Well, besides the one obvious change, height would be nice. Five foot ten was always my goal as a child. When I was growing up I was always like, "Yes, laugh now, but someday I'm going to tower over all of you!"

By the eighth grade, I was done growing at a hulking five foot two (...when rounded up a quarter). My younger sister just surpassed me in height, and she's thirteen.

On the other hand, though, I did have an epiphany while re-reading Lord of the Rings the other day that being Hobbit-sized isn't too terrible, in the grand scheme of things. But I wouldn't say no to a few extra inches.

-Van Goff

A:

Dear Suzie,

If you had asked me this a couple of years ago, I would have immediately said "my nose." I despised my nose with a passion for a lot of years, was constantly self-conscious of its size. However, I've been able accept my appearance--nose and all--for what it is, and have come to realize the fact that just because I don't fit into one specific mold for beauty doesn't mean I'm not beautiful.

That said, perfectly clear skin would still be nice.

~Anathema

A:

Dear Sue,

Honestly, no, I don't think I would. I'm not arrogant enough to assume I have no flaws, because I know I'm not likely to be winning second prize in a beauty contest anytime soon. Based on the standards of modern beauty, I have many ways in which I could improve.

In recent years, as I've grown as a person, I've become really passionate about self-esteem. I want my sense of self-love to be based on something worthwhile and lasting, and basing it on my appearance is only bound to bring disappointment. I don't want to feel beautiful only when my face is caked in makeup or when other people tell me I look pretty. I want to be confident because I love myself the way I am. Getting any kind of surgery to make myself better conform to contemporary standards of beauty would eventually undermine my self-esteem, because it would teach me to base my emotional satisfaction on an attractiveness that is unsustainable.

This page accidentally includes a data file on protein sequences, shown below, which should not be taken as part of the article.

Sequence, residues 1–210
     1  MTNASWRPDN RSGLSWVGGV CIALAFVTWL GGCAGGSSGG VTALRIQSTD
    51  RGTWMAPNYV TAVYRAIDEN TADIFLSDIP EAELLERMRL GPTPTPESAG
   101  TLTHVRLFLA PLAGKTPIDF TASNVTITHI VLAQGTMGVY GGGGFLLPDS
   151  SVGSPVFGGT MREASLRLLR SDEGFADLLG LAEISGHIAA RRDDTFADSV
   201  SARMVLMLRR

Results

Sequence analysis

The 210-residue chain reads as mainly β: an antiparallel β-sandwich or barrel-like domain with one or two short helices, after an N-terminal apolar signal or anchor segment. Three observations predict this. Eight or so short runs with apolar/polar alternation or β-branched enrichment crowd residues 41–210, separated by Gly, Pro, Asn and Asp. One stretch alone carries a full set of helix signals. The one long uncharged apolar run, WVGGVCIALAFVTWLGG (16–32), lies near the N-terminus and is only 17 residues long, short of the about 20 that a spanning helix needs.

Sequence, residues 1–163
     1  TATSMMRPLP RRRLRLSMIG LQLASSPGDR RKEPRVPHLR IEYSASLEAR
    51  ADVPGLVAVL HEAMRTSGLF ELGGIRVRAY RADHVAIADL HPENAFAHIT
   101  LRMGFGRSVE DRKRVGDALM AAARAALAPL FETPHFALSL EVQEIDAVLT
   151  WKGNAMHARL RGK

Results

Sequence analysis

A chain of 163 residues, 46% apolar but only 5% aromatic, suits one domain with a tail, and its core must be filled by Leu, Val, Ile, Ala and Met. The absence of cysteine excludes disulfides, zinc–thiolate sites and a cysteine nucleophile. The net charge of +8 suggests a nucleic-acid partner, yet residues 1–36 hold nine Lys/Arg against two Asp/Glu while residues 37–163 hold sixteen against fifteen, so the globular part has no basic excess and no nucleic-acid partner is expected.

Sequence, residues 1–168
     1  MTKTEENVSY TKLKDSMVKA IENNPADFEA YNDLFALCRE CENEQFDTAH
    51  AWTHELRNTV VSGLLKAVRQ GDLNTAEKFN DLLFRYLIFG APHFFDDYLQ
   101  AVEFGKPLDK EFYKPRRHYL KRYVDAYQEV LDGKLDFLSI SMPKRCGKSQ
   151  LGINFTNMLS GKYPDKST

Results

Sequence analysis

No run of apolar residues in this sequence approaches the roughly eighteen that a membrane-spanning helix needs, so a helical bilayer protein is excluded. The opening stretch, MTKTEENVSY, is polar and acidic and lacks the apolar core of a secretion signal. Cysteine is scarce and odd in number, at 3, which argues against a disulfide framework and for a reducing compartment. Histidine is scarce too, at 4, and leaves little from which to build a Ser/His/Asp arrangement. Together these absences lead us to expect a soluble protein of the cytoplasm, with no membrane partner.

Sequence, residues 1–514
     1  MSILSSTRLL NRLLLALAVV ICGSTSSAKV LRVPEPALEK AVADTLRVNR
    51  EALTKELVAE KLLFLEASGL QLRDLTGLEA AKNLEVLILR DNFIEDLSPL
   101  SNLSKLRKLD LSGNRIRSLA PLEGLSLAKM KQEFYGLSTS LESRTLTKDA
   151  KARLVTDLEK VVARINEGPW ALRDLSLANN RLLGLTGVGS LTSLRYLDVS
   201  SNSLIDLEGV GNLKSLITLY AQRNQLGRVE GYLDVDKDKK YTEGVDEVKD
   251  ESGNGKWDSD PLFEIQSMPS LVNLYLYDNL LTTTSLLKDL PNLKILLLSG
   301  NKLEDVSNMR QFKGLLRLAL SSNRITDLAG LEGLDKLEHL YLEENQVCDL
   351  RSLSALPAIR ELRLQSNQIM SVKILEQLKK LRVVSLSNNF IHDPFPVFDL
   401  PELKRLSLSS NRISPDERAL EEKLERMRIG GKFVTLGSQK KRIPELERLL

So I actually don't want to "improve" my appearance, because there's nothing about my appearance that could be improved. Each and every "flaw" I possess is mine, and I love them. I love my big hips and chubby thighs, even if the world tells me I should lose 20 pounds. I love my stretch marks, because they remind me of where I've been. I love my nose, because even though it's big, it looks just like my dad's. I love the random cowlick that I get in my hair. I love my forehead wrinkles, because they're physical marks of my emotional past. I'm learning to love the bags under my eyes, because they're symbols that I work hard.

And if no one else appreciates those things, then it's okay, because I do.

Love,

Luciana

A:

Dear Sue,

One thing that would improve my appearance (maybe not dramatically, but at least marginally) would be having thicker hair. This cool new thing called the interwebs tells me that there are like a million cheap ways to promote thicker hair from home, and most of them seem super easy, cheap, and not even that time-intensive. Also, there is no social stigma to doing home remedies for thicker hair. But have I done any of them? No. So I guess my answer is I would not, because apparently I am a lazy bum.

-Alta